Until the 20th century the leadership of the country was mostly mythological figures. The 8th century saint, Guru Rinpoche, introduced the Buddhist culture that still binds society today, and Zhabdrung Ngawang Namgyal established the notion of nationhood in the 17th century. The establishment of hereditary monarchy in 1907 established Bhutanese history as it is best known.

The first two kings, Sir Ugyen Wangchuck and King Jigme Wangchuck, consolidated the nation under an absolute monarchy with a traditional hierarchical culture of governance. The kings ruled the people directly from the royal court and the largely ruled society developed along the relationship between the king and the people, the king's responsibility being to look after the people and the people owing to him their reverence.

All this time, Bhutan felt the perceived threat of small countries and chose to remain in complete isolation with no contact with the world.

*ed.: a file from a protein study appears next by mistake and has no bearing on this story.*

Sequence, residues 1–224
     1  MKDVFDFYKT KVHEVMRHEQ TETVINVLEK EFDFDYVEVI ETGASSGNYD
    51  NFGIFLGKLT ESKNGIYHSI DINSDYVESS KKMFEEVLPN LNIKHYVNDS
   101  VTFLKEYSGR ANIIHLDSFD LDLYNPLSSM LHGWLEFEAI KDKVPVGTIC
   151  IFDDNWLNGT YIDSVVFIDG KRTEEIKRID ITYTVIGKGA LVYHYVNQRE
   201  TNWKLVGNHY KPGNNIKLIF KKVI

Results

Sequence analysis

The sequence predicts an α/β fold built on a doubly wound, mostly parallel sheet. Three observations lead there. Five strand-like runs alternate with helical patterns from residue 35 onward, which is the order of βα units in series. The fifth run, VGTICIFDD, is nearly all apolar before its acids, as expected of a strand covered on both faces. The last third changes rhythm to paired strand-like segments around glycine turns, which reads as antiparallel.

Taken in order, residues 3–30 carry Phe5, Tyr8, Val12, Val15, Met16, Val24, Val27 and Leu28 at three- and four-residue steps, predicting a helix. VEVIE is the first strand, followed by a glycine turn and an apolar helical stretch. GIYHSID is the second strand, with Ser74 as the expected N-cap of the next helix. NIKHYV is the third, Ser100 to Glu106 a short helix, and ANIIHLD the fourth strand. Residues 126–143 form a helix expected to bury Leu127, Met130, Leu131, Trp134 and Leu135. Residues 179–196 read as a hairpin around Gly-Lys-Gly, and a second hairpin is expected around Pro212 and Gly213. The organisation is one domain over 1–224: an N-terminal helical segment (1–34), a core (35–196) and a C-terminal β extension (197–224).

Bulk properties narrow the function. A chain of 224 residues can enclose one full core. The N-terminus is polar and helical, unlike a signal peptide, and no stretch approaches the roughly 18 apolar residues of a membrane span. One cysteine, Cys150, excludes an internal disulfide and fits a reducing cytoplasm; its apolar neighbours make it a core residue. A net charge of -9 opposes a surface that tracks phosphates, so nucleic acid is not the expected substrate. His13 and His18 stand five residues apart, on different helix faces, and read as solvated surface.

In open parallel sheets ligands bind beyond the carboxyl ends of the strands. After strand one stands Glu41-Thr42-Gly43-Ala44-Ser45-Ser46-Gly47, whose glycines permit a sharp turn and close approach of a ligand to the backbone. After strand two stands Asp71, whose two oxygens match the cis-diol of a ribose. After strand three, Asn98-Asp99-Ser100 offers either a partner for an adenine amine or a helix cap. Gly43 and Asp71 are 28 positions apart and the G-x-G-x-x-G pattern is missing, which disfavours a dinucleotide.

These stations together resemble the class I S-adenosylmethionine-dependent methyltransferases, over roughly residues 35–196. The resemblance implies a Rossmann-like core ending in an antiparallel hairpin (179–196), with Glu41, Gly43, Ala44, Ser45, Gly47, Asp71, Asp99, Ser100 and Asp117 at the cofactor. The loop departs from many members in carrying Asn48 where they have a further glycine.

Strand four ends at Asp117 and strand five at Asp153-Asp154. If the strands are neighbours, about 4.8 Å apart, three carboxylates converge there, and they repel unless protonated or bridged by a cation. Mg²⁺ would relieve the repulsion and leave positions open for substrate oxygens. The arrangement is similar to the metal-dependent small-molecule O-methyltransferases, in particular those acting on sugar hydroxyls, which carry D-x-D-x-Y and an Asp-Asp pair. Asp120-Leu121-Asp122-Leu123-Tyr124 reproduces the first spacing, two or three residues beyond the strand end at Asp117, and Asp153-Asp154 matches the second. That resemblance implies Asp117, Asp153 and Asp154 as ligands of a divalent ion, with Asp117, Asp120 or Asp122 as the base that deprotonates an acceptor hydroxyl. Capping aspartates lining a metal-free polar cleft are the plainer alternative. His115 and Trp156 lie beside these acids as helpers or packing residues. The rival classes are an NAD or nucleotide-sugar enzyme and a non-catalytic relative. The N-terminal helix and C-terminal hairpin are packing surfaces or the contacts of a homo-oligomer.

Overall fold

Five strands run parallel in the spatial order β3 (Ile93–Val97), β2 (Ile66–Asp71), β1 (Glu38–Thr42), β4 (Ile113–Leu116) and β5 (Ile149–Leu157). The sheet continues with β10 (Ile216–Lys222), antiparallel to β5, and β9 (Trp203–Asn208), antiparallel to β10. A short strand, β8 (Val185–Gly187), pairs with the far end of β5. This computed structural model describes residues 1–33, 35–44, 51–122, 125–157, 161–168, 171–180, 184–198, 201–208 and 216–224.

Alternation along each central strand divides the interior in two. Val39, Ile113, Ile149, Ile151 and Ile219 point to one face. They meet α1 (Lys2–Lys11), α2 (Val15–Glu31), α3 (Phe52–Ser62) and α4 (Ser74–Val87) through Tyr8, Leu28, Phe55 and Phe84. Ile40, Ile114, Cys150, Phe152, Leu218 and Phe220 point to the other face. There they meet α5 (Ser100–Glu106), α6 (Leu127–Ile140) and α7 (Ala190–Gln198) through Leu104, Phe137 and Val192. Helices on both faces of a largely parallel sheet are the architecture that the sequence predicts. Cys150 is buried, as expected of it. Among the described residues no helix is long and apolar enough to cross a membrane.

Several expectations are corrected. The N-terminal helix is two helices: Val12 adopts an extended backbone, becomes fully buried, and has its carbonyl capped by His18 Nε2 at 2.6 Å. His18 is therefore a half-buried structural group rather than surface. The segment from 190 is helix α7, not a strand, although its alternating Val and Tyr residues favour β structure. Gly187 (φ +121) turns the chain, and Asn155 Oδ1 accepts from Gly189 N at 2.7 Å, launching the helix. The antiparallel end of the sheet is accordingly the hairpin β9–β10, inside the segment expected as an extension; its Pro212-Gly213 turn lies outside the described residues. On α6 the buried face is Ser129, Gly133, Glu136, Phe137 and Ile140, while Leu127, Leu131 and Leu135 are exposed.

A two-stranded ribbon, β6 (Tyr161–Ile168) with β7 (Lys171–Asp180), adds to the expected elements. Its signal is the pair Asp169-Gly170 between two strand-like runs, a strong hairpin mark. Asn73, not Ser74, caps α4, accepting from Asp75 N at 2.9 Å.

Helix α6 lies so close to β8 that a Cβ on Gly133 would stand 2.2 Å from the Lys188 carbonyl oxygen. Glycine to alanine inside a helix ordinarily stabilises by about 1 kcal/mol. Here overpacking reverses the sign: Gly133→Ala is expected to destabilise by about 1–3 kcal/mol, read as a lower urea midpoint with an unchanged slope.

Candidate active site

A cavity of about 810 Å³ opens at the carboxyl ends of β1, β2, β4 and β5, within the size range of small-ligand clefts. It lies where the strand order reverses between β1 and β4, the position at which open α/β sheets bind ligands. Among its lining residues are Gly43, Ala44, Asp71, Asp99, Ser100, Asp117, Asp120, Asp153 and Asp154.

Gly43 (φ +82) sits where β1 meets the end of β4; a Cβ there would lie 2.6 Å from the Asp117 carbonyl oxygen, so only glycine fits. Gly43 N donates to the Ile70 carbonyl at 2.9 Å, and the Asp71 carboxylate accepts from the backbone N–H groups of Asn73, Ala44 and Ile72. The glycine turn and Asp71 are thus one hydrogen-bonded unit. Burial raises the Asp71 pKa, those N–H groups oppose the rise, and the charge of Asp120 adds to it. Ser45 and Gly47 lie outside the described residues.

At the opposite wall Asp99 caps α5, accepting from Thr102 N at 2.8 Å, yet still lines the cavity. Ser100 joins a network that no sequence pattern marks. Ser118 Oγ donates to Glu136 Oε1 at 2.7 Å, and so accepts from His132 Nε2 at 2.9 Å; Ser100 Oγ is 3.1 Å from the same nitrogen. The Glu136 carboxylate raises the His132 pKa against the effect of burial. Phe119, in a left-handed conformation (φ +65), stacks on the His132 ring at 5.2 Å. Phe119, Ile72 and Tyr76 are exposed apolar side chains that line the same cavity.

The third king introduced the concept of modernization in the 1950's and began the formal process of planned modernization in 1961. India became the main supporter and Bhutan gradually opened up to the world by establishing links with the United Nations in 1972 and eventually 21 other countries.

The fourth king of Bhutan, His Majesty Jigme Singye Wangchuck, took over in 1972 and accelerated the development process. The country saw phenomenal achievements as it built roads and bridges, schools and hospitals, and telecommunication and power infrastructure. Although the traditional agricultural lifestyle is still promoted, modernization today also means that more Bhutanese are living in cities and towns.

In December 2006 the Fourth Druk Gyalpo abdicated the throne to his son, Jigme Khesar Namgyel Wangchuck, in preparing the country for the dramatic transition to democracy. And in March 2008, after 100 years of absolute monarchy, the country was transformed into a parliamentary democracy with its first democratic elections. By a large majority of popular vote, the Druk Phuensum Tshogpa (DPT) or Bhutan Harmony Party, became the first elected government in Bhutan. Led by Prime Minister Jigme Y. Thinley, DPT promises to lead the country with integrity and justice as its foundation, and in keeping with the royal vision of GNH, or "Gross National Happiness."

Throughout this process of evolution, however, Bhutan is determined to be guided by the values and priorities that have helped it to remain a unique country in a rapidly changing world.

Location & Climate

Where is Bhutan?